An operating system (OS) is a piece of software. It manages the computer hardware and provides common services for various applications. With the rise of cloud computing, people may wonder whether the OS is still relevant and what role it will play in the future cloud.
Key Components of OS
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There are different flavors of operating systems: from real-time OS, desktop OS, all the way to a mainframe OS. The most recent OS is the Cloud OS.
In general, every OS has these common components:
- The kernel, which manages memory, processes, etc.
- Device drivers, which drive different hardware from different vendors.
- User interfaces, including command line shell and Window system.
- File system, which provides a hierarchical way to persist data.
- Security, which authenticates users and protects information.
Depending on the type of OS, you may miss something here or have something extra. For example, an embedded OS may not have a user interface and everything is controlled remotely. For the desktop OS, you may have extra commonly used applications such as a calculator, a calendar, a browser, and so on.
With virtualization, operating systems moved up in the software stack. The role of managing and abstracting hardware is relinquished to hypervisors underneath the virtual machines. So the OS is squeezed by virtualization from the bottom.
Long before virtualization, there have been concepts of software middleware including database, messaging, etc. These provide a higher level platform for applications, and result in a higher quality of products and higher developer productivity. Also, the rise of software virtual machines like JVM and .Net, have abstracted the OS services to a higher level of programming APIs. So the OS is less important from the application development point of view. It has been squeezed from the top as well.
In being squeezed, there is less “meat” in the sandwich today. As VMware CEO Paul Maritz pointed out at VMworld 2010, “The innovation in how hardware is coordinated today and the innovation in how services are provided to applications is no longer happening inside the operating system.” In other words, the innovation happens below (virtualization) and above (middleware) today.
Why an OS still Important in Cloud Computing
As I have said before, cloud computing is more an evolution than a revolution. Keeping the traditions is important for adoption. One of these traditions is the operating system.
Technically, an OS owns a very important asset: IP addresses. An IP address has two functionalities in networking: 1) helping routing traffic in and out, and 2) identifying a particular operating system.
Hypervisors such as ESX do own IP addresses, but for management purposes not for computing workloads. Middleware and applications do not own IP addresses, but rather bind themselves with a particular service port as needed.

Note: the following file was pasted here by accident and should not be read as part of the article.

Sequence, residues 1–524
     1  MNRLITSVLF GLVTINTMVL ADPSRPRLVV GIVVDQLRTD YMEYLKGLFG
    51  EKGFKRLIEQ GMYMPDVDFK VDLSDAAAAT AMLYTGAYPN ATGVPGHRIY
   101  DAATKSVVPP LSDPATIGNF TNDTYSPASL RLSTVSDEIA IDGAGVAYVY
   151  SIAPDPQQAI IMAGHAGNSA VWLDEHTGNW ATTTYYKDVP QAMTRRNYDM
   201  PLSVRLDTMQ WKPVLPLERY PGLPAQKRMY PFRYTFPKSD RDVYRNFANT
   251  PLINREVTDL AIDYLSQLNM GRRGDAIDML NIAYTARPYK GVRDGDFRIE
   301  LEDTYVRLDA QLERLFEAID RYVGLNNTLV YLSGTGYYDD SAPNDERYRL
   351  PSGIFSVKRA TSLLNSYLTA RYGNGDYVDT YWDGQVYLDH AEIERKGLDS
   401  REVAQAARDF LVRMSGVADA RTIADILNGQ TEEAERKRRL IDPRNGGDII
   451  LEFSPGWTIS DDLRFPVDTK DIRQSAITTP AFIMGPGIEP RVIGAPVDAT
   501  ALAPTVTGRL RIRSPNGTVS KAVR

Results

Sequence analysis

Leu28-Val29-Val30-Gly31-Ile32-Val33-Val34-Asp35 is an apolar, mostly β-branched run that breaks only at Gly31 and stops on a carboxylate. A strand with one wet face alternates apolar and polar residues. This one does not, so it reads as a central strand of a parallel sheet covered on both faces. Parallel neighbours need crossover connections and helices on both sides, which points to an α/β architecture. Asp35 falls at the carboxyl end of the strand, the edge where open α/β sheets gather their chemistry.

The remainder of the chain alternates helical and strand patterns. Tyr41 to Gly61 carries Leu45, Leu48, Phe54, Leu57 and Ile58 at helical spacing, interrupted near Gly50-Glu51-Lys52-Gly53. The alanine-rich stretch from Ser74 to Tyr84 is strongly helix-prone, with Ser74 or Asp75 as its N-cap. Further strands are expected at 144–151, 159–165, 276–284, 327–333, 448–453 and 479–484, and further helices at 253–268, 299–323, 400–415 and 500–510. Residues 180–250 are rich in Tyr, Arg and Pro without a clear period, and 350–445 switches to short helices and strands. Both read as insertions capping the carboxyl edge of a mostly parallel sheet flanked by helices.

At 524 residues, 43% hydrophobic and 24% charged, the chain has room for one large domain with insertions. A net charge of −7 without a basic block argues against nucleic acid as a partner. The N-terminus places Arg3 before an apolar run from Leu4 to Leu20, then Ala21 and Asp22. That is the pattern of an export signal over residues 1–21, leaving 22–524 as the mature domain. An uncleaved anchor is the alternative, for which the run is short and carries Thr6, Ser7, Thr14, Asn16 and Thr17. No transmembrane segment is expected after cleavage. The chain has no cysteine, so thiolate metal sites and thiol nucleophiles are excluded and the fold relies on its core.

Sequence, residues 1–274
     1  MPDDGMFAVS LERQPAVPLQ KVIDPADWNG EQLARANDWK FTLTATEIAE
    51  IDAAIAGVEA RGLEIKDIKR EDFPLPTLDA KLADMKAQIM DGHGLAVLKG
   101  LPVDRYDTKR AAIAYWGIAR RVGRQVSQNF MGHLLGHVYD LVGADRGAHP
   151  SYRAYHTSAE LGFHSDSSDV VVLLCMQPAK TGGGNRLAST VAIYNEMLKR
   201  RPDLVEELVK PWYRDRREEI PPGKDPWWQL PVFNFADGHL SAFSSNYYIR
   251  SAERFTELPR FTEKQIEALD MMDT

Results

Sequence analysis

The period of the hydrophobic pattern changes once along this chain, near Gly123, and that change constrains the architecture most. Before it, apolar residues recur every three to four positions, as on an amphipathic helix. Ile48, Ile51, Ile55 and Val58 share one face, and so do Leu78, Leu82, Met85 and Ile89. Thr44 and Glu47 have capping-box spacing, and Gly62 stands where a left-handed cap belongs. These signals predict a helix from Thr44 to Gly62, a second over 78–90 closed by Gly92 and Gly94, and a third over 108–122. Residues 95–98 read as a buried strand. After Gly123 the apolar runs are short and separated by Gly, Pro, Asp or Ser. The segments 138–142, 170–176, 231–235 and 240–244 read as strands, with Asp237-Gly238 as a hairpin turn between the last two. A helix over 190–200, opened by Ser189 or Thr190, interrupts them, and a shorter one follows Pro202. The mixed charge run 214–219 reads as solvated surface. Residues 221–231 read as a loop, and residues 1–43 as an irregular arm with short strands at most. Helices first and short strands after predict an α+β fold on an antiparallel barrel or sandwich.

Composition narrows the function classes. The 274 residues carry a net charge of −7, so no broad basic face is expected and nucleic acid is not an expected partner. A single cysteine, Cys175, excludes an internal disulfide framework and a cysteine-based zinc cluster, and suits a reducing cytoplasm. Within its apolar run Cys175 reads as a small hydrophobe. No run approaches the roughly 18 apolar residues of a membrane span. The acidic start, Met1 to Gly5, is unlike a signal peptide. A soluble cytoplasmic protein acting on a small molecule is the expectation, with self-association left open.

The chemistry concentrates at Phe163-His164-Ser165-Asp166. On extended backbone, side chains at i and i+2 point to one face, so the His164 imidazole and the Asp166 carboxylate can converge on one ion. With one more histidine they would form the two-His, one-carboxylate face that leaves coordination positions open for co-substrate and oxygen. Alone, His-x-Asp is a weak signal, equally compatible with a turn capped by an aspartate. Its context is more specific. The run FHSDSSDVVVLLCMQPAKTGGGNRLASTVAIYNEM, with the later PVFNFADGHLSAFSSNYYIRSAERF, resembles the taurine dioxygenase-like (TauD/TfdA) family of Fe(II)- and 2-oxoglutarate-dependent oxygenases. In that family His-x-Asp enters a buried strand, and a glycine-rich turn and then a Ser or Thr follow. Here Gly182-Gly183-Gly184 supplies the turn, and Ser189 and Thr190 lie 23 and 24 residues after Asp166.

The second part for IP being an ID is critical. It’s like a public interface. Unless we can move the IP up to the middleware or application layer, the OS continues to be a critical component.
With IPv4, it’s not practical to assign an IP to an application due to the limited number of IPv4 addresses available. With IPv6, it’s all possible because there are plenty of IP addresses. But then the question becomes whether it’s really needed or the change buys you anything. For one thing, moving the IP attribute up to middleware or application will totally change people’s perceptions which may hurt adoption.
Is JEOS Enough?
Coming along with virtualization, Just Enough Operating System (JEOS) and virtual appliance (VA) concepts were born. The idea is that you can trim down an OS to the minimum required to support an application. In this comparison, think of the virtual machine as an application.
For one thing, you can significantly reduce the size of an operating system. The challenge there is how to keep it as convenient as before. I personally haven’t seen a perfect solution to the challenge. In general, most people still aren’t comfortable thinking of a virtual appliance as an application. They still look at it as an OS and they have the same expectations (unless a new set of tools could help to manage them in a similar way as applications). It may lead to a new wave of innovations as the next big things.
Diverging of OSes
Because the OS is used in different environments for different purposes, we can’t predict that they’ll all evolve in the same manner. In the context of cloud computing, I think the future of OSes will diverge based on their purposes.
First, there is the OS for enterprises. As VMware CEO Paul Maritz said, the OS will continue to be a component in the stack. It is still an important and stable component in supporting the cloud infrastructure. Depending on the type of cloud, you may not need to know about the OS but it’s still critical for operations. Instead of innovating new features, the imperative work there is to make the OS reliable, convenient, and secure, and at the same time keep up with new CPU architectures.
Second, there is the OS for end users. Although some people think all you need is a browser, I prefer convenience of a full-fledged desktop OS for work and home. You could build similar desktop user experience within a browser like Google Chrome OS, but it’s still a desktop with features I already familiar with. These OSes can live in the cloud and serve end users remotely. End users will need OSes outside the cloud as well. These OSes may bundle tightly with computer hardware, not as independent software. For better mobility and easy management of personal data across various desktops/netbooks/smart phones/setup boxes, we will need a better way to synchronize them.